The election to pass the adjustment to partners shifts the economic burden back to those individuals and entities that were actually partners in the year under review, though they would take the adjustment into account in the year they received a statement from the partnership. The election will also affect the aggregate amount paid to the IRS. When paying the imputed underpayment at the entity level, the partnership can make no adjustments for a C corporation or individual partner who would pay tax at a rate lower than the top bracket, and partners lose the ability to use any adjustment that would create passive income to offset passive losses. On the other hand, paying at the entity level may avoid self-employment tax or tax on net investment income, as discussed earlier. Paying at the entity level also avoids a two-percentage-point increase in the interest rate that applies to partners when the adjustment is passed on to them.
The legislation modifies the procedures for how a partnership can make an administrative adjustment request (AAR). If the AAR resulted in an underpayment, the partnership can choose to either use the method for paying tax itself under the general rule, or the alternative approach of issuing statements and passing the adjustments to partners. Under the alternative approach, partners must amend their returns and pay additional tax as a result of the adjustment. This is different from the approach taken when the adjustment results from an audit, which requires partners to take the adjustment into account in the year they receive the statement. If the AAR does not result in an underpayment, the partnership uses the alternative procedure to issue statements, and the partners amend their returns for a potential refund.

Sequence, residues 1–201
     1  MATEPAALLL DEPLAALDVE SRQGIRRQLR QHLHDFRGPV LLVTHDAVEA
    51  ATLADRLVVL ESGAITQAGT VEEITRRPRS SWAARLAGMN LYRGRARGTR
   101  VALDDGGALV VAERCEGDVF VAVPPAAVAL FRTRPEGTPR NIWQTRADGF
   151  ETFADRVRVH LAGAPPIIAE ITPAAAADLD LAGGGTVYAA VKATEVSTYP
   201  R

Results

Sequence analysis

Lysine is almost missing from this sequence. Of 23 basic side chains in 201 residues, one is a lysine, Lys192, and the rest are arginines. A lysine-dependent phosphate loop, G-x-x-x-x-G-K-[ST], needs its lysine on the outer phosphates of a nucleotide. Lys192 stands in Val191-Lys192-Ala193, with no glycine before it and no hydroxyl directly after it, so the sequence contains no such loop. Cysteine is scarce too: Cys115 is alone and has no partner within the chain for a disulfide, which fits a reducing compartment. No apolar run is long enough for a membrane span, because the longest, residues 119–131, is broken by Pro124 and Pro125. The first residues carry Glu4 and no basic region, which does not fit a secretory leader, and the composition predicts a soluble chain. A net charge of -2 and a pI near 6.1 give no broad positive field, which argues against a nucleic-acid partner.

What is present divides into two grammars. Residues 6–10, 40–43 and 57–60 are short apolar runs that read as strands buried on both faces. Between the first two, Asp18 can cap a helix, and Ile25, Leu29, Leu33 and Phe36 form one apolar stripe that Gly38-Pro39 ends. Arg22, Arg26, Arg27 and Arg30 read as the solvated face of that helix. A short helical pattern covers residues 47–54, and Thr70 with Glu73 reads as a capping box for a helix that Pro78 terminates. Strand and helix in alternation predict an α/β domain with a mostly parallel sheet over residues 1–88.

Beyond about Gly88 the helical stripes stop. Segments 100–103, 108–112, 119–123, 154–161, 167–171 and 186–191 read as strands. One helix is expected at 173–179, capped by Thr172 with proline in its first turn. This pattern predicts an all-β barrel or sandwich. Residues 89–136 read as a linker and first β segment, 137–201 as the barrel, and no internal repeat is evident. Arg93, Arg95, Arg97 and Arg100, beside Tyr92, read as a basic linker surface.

Under current practice, the IRS typically does not adjust the returns of partners for refunds after a partnership adjustment in the same way it would adjust their returns in the case of an underpayment. Instead, the IRS has required partners who are due a refund through an amended Schedule K-1 to proactively submit a claim for refund through an amended tax return. The legislation appears to turn that informal practice by the IRS into law. However, this is yet another issue that requires interpretation and guidance by the IRS and Treasury.
A partnership can file an AAR within three years after the later of the date the partnership filed its return or the last day for filing the partnership return for such tax year (determined without regard to extensions).
The legislation is generally effective for partnership tax years beginning after Dec. 31, 2017, although partnerships can elect to apply the new rules for any return filed for tax years beginning after Nov. 2, 2015, if the IRS provides procedural rules to do so. The delay gives partnerships time to prepare, but the effective date actually comes more than a year sooner than earlier versions of the legislation had proposed.
Considering the breadth of guidance the IRS will need to issue and the IRS’s discretion the in deciding how the elections and underpayment calculations will operate, partnerships may have to act quickly to respond once rules are effective. Partnerships, both existing and new, should begin evaluating their partnership and operating agreements and considering if changes will be needed to address a variety of issues, including: